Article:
Thursday, 06 May 2021 03:18

France trailing behind EU renewable energy goals

The European Union is expected to soon raise its renewable energy target to 38-40% by 2030, and France, which has already failed to reach its 2020 goal, could have difficulties in meeting the new objective. EURACTIV France reports.

Producing renewable energy in France has been a difficult journey.

Renewables accounted for 19.1% of France’s energy mix in 2020, significantly short of the 23% target imposed by the bloc’s renewable energy directive in 2009.

This is, in part due, to the country’s heavy reliance on nuclear power, which alone accounts for 78% of its electricity production.

On the eve of the climate summit organised by US President Joe Biden last month, the EU raised its climate ambitions.

The European Commission is expected to announce in July that it wants to raise the bloc’s target for renewable energies to a minimum of 38% of the total energy mix, requiring an additional effort from the 27 EU countries.

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Delayed development

However, France is lagging behind in the development of renewable energies.

Wind power has had a rough start with the construction of the Sain-Brieuc wind farm – due to become operational in 2023 – criticised for its exorbitant cost, its destructive effect on the environment, and the danger it poses for marine and terrestrial biodiversity.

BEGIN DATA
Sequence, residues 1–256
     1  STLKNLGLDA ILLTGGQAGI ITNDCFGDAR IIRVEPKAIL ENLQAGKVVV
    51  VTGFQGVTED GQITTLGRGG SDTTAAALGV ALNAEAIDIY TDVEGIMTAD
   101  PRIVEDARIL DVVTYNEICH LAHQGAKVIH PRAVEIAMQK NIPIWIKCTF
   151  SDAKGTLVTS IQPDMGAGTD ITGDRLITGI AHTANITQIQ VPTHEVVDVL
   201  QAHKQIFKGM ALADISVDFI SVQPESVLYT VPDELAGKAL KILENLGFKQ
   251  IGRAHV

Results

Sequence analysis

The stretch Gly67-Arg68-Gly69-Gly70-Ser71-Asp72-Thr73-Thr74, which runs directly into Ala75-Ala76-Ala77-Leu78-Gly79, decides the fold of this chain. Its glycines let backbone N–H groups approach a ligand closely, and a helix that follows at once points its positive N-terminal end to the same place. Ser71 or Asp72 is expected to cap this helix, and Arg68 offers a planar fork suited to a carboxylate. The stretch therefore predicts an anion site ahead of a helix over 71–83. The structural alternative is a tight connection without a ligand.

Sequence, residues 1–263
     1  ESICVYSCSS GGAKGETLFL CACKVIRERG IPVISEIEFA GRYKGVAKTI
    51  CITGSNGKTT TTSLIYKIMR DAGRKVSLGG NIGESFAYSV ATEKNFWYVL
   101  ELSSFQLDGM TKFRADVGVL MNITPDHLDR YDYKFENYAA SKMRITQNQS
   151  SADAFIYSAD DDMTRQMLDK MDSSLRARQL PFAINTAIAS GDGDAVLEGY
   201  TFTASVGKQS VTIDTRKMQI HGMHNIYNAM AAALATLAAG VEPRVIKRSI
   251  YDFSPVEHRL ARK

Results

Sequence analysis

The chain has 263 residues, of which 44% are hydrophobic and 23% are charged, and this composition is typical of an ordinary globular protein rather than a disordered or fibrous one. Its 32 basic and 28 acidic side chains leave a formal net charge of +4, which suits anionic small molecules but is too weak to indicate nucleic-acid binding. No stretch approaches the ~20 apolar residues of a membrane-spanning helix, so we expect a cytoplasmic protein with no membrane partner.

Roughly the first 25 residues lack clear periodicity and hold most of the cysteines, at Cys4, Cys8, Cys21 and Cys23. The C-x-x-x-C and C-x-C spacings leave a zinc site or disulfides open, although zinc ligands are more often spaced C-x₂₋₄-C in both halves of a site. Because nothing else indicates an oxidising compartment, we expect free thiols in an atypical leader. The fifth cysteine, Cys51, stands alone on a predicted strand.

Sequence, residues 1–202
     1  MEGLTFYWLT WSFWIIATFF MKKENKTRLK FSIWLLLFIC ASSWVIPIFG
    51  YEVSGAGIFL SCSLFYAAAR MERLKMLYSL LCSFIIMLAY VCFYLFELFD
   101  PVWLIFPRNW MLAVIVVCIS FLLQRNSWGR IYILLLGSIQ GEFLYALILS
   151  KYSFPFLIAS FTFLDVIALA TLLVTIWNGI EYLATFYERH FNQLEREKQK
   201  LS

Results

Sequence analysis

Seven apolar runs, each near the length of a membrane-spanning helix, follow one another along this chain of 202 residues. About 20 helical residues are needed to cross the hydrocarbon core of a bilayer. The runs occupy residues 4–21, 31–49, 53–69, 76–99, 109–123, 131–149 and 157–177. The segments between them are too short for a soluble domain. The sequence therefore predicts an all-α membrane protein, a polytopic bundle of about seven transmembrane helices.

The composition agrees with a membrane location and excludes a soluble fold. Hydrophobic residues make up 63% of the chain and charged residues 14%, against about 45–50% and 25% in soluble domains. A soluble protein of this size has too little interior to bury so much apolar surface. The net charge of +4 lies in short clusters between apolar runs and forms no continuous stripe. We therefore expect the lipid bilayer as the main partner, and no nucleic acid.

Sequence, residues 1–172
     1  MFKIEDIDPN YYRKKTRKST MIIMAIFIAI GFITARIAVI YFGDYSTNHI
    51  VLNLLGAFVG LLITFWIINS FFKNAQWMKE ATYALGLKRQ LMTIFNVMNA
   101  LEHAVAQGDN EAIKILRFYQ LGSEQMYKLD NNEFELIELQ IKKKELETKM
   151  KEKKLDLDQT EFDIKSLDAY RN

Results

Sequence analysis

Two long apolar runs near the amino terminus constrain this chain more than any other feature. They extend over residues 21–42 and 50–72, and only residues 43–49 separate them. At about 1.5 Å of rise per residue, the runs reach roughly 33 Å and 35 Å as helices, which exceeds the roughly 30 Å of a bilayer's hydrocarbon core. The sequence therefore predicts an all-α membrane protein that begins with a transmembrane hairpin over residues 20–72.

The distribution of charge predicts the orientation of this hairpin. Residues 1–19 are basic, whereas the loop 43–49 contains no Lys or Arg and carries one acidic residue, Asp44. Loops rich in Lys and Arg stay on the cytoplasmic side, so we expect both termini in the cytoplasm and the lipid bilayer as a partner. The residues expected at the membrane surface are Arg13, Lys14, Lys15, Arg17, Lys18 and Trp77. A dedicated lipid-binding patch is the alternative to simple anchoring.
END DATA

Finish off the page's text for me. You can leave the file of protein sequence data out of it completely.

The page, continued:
The development of solar energy, despite being better suited to French weather and easier to predict, comes with its own set of problems, particularly as photovoltaic panels are produced in China, which uses coal in the manufacturing process.

“The CO2 balance is not great. They should be manufactured in Europe,” said Brice Lalonde, president of the association Équilibre des Énergies.

For the time being, wood energy and hydraulic energy remain the most developed, representing 52.5% of the renewable energies available in France, far ahead of wind and solar, which represent 10.4% and 3.4%, respectively.

Elsewhere in Europe, the use of renewable energy varies widely.

Denmark is currently leading the way with 62% of its energy being produced by renewables and is followed by Sweden and Finland. The bloc’s laggards include Portugal, Italy and Bulgaria.

Nuclear and renewables complementary

However, the rules will change with the ‘Fit for 55’ initiative, as the Commission will impose a European target for 2030, rather than a national one, and member states will not be subject to obligations, but to indications.

This could present an opportunity for France, as a leading European producer, to promote its massive production of nuclear energy.

Fighting global warming, according to Lalonde, is only possible with nuclear power.

“If the objective is to reduce emissions, then let’s make room for nuclear power in the taxonomy. Let’s accept the idea that it is more or less equivalent to renewable energies in the fight against climate change,” he said.

“We must stop being anti-nuclear on principle. Renewable energies and nuclear power are complementary. Europe is happy to have nuclear electricity when it needs it, just as it is happy to have electricity from windmills in northern Germany,” said Lalonde.

The focus should be on reducing emissions, he added, “and not energy efficiency and renewables. Because these are the means, they are not the ends.”

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